Pros

  • Typically affordable
  • Low waste materials to create
  • Can make something that works specifically for your circumstances

Cons

  • Could require some trial and error depending on how the system is set up.
  • Outdoor piles do require a bit of management because they can attract animals if they are not properly managed.

Examples Of Others Using DIY Compost Systems

Holes In Ground

If you’re feeling particularly creative or ready to dig a few holes, I love the idea of creating composting holes underneath pavers in a garden or yard. Essentially, you dig holes in your garden or yard, place a container with aeration holes in each ground hole, and then cover the holes with pavers. 

As you generate food scraps, add them to a hole with some other browns and dirt to create an environment in the ground in which the organic matter can effectively decompose.

Fill one hole before moving on to the next. After a few months, remove the container from the first hole and it should be filled with nutrient-rich finished compost that you can feed to plants and gardens.

Equipment

  • Shovel to dig the holes
  • Durable containers with holes in them that are slightly smaller than the holes and small enough to fully fit under a paver (old tree and plant containers from nurseries work well for this)
  • Pavers

Cost Estimate

  • You may already have a lot of these items on hand. Cost will depend on whether or not you need to buy containers (though you can probably use things you already have) and the cost of the pavers. 

Level of Effort

High | This method requires an initial project to dig the holes. It also requires regular maintenance to move the pavers, add food scraps, and return to covered containers after the organic matter has decomposed. 

Pros

  • Low cost if you already have these items in your garden
  • Doesn’t require extra space if you already have a garden
  • Looks nice as an intentional design element in a garden or yard
  • Won’t attract animals
  • Replenishes soil around it as well

Cons

  • More effort than many types of composting
  • Requires regular maintenance

Vermicomposting

Vermicomposting is a compost system that uses worms in an enclosed space to break down food scraps and turn them into nutrient-rich worm castings. This is a popular method for composting indoors and also for those who have concerns about smells attracting pests. 

Equipment

Some people create their own DIY worm compost bins using things like plastic containers in a cabinet in their kitchen. You can also buy pre-fabricated vermicompost systems online like this Worm Factory 360 and system that has received good reviews. 

Regardless of how you build your “worm house”, you’ll need to buy worms. Most people use Red Wiggler worms which can be purchased online. 

Cost Estimate

  • $45 – $300

Level of Effort

Moderate | Setting up the system may take an initial investment in time and energy. It’s not hard but does require a bit of research if you decide to do it yourself. You also have to manage the worm bin regularly to ensure that the worms are living at the right temperature, have the right amount of food and moisture, and are generally thriving in their little home.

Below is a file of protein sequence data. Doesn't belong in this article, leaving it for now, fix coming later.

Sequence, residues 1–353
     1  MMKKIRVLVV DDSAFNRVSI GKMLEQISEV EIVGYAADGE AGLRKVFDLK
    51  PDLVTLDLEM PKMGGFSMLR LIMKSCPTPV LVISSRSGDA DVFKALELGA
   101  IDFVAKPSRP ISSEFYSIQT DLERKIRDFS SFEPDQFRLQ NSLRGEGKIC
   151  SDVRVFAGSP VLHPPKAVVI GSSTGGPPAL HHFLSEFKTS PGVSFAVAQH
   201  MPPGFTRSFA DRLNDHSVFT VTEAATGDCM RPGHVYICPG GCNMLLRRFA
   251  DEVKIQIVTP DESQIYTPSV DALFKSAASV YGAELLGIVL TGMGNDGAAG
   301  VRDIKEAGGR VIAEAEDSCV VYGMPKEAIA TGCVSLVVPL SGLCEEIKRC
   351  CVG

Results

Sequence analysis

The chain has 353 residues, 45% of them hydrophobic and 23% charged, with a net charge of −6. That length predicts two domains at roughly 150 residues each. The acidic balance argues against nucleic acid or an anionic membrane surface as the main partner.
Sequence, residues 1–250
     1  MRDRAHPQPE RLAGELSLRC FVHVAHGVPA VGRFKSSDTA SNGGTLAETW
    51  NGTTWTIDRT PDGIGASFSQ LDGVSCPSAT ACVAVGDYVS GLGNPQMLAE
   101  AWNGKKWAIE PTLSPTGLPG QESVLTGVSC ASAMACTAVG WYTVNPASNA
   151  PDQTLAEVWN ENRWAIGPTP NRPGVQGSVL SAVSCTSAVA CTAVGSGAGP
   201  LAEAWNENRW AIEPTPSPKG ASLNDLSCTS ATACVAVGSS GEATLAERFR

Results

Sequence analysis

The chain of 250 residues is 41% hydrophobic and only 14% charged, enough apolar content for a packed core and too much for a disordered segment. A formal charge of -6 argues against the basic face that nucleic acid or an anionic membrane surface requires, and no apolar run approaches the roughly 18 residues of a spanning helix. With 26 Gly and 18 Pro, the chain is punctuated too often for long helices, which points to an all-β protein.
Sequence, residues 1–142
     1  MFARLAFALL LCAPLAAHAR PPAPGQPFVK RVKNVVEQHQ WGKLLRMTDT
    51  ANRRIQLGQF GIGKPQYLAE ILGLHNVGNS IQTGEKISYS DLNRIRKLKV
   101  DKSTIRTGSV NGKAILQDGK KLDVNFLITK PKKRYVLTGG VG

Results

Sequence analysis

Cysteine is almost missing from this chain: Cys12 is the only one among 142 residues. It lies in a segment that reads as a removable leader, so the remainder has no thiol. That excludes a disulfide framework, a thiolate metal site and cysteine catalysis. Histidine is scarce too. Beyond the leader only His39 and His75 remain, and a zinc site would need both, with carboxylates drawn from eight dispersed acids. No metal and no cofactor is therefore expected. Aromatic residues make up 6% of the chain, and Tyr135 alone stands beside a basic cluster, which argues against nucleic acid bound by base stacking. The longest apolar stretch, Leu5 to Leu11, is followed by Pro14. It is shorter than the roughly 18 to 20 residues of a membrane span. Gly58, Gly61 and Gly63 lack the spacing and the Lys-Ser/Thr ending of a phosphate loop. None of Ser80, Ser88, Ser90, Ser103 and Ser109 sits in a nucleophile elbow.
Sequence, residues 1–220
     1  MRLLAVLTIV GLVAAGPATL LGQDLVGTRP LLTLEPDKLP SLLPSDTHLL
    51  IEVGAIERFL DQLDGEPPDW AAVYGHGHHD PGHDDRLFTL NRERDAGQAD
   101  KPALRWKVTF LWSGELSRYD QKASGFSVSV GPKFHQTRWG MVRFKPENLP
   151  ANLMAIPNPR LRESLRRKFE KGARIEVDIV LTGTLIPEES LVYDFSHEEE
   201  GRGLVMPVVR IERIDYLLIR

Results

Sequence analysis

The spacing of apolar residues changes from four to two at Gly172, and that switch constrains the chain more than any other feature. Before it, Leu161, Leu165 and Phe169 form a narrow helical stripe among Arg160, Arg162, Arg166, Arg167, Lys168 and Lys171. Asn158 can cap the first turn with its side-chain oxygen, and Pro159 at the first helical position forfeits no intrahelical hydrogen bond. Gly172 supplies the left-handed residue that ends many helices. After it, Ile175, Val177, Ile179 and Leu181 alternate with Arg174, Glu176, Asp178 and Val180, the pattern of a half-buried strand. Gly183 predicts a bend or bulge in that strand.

Pros

  • Can work indoors and does not create smells
  • Can be used in a small space

Cons

  • Requires regular management to ensure the worms don’t die
  • Doesn’t compost large volumes of food scraps at any particular time
  • Requires an initial investment that may be cost prohibitive

Examples Of Others Vermicomposting

Bokashi Composting

Unlike most composting methods that rely on oxygen to process compost through an aerated process, Bokashi composting uses a fermentation process that relies on anaerobic microorganisms. Bokashi composting happens in an airtight container by mixing food scraps and a bokashi bran mixture that faciliates the fermentation process. After the food scraps have been partially decomposed through bokashi, you can bury the food waste in your garden and let it finish decomposing while feeding the soil around it. 

Equipment

Cost Estimate

  • $50 – $150 initial investment, plus recurring cost of Bokashi bran

Level of Effort

Moderate | Setting up the system may take an initial investment in time and energy. It’s not hard but does require a bit of research if you decide to do it yourself. You need to manage the contents of the bin, adding bran and food scraps over time. 

Pros

  • Food scraps can be composted indoors
  • Works in a small space
  • Can compost all types of food (including dairy, meats, and oils)

Cons

  • Requires active management to ensure that the food scraps are decomposing
  • Requires regular purchase of the Bokashi bran to process each batch of food scraps

This list of ways to compost at home is not exhaustive. There are so many different ways to create or find an environment where your food scraps and other organic matter can decompose in an environment rich with oxygen and produce nutrient-rich soil amendment for your garden, house plants, and yard.

However, at least one of these compost methods will most likely work for just about everyone and be pretty easy to execute.

Do you compost at home? Do you use one of the methods above? If so, tell me what you use and how it works.

If you don’t compost at home, I’d love to hear what’s holding you back. Maybe I can help answer some questions or dispel some myths to help find a way for you to compost at home with your family.

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Sharvi

Monday 30th of November 2020

The blog on composting is very helpful, we also have an informative blog on how to make compost at home step by step. https://urlife.co.in/articles/heal/sustainability/how-to-make-compost-at-home-with-kitchen-waste